Movie Review: The Firm

It’s been a while since I did a review on here for film, so why not visit a nineties thriller? I read The Firm when it came out in paperback–still remember the cover quite vividly. I missed the movie when it was out, but I’d heard good things. Good enough to have it still be kicking around in my head as a “film I’d maybe like to watch” years later. Then I saw it was directed by Sydney Pollack, and it officially made its way to my Netflix queue.

The only problem? That 154 minute running time. That’s an awful long time for a thriller to keep thrilling, and it’s too much for me to have time to watch in a single evening these days. (Busy man, am I.)  But I two nights in a row? I could swing that.

The movie was a pleasant surprise. Taut and tense throughout, with some fine performances. Not the best thriller I’ve ever seen, but it was twisty and turny and managed to keep me guessing for most of it. (It helped that I haven’t read the book in something like 20 years.) Tom Cruise plays the part of a young lawyer, fresh out of law school and at the top of his class, who’s recruited by all the top law firms. He accepts an offer that seems too good to be true.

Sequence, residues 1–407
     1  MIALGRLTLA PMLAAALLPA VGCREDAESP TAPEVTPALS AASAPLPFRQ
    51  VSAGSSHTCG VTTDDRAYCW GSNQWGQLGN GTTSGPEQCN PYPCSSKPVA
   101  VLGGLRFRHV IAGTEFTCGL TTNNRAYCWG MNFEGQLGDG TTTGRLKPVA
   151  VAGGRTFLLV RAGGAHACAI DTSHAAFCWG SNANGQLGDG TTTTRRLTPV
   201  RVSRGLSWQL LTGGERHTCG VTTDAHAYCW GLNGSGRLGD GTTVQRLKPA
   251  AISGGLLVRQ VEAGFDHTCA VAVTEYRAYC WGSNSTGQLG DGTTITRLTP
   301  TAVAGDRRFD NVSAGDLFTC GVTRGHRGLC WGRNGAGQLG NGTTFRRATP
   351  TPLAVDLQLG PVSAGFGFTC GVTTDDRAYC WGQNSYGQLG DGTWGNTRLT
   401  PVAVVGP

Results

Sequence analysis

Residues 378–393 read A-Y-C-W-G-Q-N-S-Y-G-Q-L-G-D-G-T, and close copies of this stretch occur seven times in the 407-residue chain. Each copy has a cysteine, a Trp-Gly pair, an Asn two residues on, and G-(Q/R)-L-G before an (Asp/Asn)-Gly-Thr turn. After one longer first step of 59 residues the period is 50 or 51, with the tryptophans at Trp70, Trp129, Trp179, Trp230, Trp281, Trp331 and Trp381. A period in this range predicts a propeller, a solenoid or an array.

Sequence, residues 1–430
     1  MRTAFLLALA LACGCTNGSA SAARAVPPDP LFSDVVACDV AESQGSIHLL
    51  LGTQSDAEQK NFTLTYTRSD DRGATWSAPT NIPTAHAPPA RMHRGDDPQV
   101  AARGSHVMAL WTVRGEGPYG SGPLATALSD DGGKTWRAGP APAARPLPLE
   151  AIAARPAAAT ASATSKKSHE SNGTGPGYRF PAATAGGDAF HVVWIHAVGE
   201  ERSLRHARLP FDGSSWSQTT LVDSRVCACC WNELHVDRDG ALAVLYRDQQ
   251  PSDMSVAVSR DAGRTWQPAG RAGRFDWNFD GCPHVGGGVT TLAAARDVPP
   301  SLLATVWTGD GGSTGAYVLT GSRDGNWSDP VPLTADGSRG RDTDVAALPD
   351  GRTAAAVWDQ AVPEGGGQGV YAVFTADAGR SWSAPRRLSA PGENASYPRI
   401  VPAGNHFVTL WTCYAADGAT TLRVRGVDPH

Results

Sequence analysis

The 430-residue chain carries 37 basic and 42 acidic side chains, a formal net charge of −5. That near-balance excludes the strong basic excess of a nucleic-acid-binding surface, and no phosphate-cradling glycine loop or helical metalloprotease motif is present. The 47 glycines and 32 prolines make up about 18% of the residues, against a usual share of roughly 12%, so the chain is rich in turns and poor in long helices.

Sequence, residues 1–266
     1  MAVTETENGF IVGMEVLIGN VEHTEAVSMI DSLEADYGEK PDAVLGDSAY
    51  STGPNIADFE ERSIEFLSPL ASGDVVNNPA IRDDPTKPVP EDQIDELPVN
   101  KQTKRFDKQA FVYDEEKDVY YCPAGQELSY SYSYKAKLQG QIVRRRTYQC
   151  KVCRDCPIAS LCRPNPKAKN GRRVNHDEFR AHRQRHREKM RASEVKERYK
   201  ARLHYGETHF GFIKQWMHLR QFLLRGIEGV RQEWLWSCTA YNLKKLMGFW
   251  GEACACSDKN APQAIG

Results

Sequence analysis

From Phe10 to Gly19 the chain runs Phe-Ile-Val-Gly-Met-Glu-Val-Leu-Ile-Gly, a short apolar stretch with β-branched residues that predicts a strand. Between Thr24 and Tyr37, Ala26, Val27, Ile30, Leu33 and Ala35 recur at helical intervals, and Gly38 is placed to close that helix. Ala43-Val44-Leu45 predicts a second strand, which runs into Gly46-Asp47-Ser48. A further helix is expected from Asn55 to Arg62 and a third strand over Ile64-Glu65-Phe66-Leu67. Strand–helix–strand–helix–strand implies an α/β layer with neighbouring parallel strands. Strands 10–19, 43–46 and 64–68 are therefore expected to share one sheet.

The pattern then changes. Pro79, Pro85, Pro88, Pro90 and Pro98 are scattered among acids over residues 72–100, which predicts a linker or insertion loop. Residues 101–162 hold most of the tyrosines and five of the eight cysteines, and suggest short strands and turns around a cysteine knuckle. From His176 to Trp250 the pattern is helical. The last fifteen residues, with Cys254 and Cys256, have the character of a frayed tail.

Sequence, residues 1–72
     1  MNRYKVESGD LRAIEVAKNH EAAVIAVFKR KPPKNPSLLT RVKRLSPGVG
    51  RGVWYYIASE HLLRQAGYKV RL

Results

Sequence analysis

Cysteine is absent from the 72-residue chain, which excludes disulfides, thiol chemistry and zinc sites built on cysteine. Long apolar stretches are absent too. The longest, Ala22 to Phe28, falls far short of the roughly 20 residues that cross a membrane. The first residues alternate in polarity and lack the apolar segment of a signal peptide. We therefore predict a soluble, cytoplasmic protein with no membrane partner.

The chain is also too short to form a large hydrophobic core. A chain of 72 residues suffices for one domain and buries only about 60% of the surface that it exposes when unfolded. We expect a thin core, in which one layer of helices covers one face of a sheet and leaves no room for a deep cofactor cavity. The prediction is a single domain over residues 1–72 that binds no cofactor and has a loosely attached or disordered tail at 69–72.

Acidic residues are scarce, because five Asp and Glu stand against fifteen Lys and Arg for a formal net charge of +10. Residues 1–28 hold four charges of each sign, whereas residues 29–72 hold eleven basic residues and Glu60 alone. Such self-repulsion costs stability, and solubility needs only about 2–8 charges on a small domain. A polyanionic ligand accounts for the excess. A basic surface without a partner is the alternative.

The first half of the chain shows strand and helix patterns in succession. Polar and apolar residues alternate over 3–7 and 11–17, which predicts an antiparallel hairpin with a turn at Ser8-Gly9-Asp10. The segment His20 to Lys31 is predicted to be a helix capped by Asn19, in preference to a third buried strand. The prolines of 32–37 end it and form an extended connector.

And of course, it turns out to be just that.

Seriously, people. When are you all going to learn that offers that are too good to be true should just be turned down without further thought? I blame Cinderella and her fairy godmother. People see the credits roll on that Disney movie, and they all think that offer worked out for her. It didn’t. Think of the poor woman now: slave to a mouse in a suit, forced to sit in parade after parade chock full of gaping tourists.

Not quite a happily ever after, is it?

But wait–I was writing a film review here, wasn’t I? Right. Other highlights of the movie for me were the score (sparse piano music for the most part, often used to great effect) [*EDIT–My agent rightfully pointed out I ought to give props to Dave Grusin, the composer of said score. It really is one of the features of the film.] and Wilford Brimley. Anytime you can have Mr. Quaker Oats play an evil security guard, you’re in for a treat. I like to think all the oatmeal shilling was just a cover for his spy escapades.

Anyway. It’s a good movie. Rated R for a fair amount of language, alas. Still, if that doesn’t turn you off, there are definitely worse ways to spend 154 minutes of your life. 7/10.

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